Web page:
Pill Testing at Australian Festivals
Over the past week Australian media outlets have been bombarded with updates on the infamous Groovin The Moo festival held in Canberra; more specifically, the first pill testing trial that is unsurprisingly causing a huge debate.
Pill testing hasn’t always been around in Australia, but it’s slowly being introduced despite its appearance at various European festivals for nearly the past 10 years.
The idea and broad debate on the anonymous service, targeting over 18 festivals was tossed around late September of 2017 for Spilt Milk. Ticket holders were in shock – will I be charged with drug possession? Will they take my drugs?
Sadly, the pill-testing idea was canned almost a month after being announced – just a mere 43 days before the festival itself.
Almost half a year later and 13 years since it’s opening, on Sunday 29th April 2018, Groovin The Moo Canberra decided to take the plunge to trial whether this pill testing would actually work.
Organisers of Groovin the Moo Canberra teamed up with Harm Reduction Australia. They were able to set up a designated area at the festival purely dedicated to testing illicit drugs from ticket holders. The service was completely anonymous and ACT Police weren’t able to charge testers.
The aim was to identify any potentially deadly chemicals that were buried in the powdered walls of the pills being brought along. The team did just that.
With 128 participants and 85 samples tested, the results were clear: 50% contained other ingredients such as lactose, sweetener and paint, and the other 50% was pure MDMA. Two of the samples tested at the service came back with a result of it containing deadly substances.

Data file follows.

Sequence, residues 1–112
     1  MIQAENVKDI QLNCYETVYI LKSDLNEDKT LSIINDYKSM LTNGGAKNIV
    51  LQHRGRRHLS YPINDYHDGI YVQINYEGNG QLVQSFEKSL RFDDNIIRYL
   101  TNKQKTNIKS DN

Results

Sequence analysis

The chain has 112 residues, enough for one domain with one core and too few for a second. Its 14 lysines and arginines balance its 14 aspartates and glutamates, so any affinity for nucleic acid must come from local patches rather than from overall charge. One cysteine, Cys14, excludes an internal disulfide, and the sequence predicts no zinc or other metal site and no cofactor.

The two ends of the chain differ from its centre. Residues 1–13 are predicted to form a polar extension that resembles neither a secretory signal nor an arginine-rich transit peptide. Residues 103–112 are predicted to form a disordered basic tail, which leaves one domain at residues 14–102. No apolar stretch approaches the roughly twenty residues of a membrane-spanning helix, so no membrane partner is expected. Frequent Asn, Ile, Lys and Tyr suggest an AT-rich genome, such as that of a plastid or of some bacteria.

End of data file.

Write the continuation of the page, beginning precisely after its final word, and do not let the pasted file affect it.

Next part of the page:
Harm Reduction Australia rejoiced – their aim was successfully met. They were able to inform 128 participants, and better yet, they were able to save two lives.
There’s no doubt that drug circulation throughout Australia has reached an all-time high. And to coat it all off, illicit drugs today are surprisingly more accessible especially to the younger population. As a result of this, death rates from illicit drug intake has unfortunately increased.
According to the Australian Bureau of Statistics Drug Induced Deaths Increase in 2016 report, “the death rate from psychostimulants which include methamphetamines and the drug ‘ice’ have quadrupled since 1999. They are now the third most common substances associated with drug deaths.”
President and Co-Founder of Harm Reduction Australia, Gino Vumbaca, recently spoke to David Adams from Pedestrian.TV in regards to the results that were released about the two tests that came back with deadly ingredients. Mr Vumbaca said, “two of the pills actually produced a chemical that is considered even in small doses quite dangerous, and potentially could create an overdose… the reality is if we weren’t there, they probably would have ingested them.”
Thankfully amnesty drug bins were provided at the event so that festival-goers were able to dispose of any illicit drugs. As well as that, ACT Police supported the pill testing trial and withheld from arresting anyone who conducted the test – it was completely anonymous despite the drugs being tested, possibly illicit.
Mr Vumbaca continued to explain to Pedestrian.TV that designated pill-testing areas and drug amnesty bins should be a norm at Australian festivals.
“There’s no reason for Australia not to introduce pill-testing based on our initial observations.”
The Australian Bureau of Statistics, Causes of Death 2016 survey states that there’s a staggering 7.5 deaths per 100,000 people that is as a result from drug induced relations. With the positive yet horrific results achieved by Harm Reduction Australia, there’s some hope that future festivals from this point on could be different in various aspects.
Finally, as a frequent festival goer myself, I think the idea of anonymous pill testing is an excellent method of tackling unfortunate incidents that occur at Australian festivals. With these anonymous testing stalls, so many young adults now have the potential to realise the ingredients and affects behind the pills that they wish to consume. The information gained from the test could potentially deter the owner from consuming the substance. My opinion is that these pill-testing areas and amnesty bins may decrease drug intake and cultivation as a whole.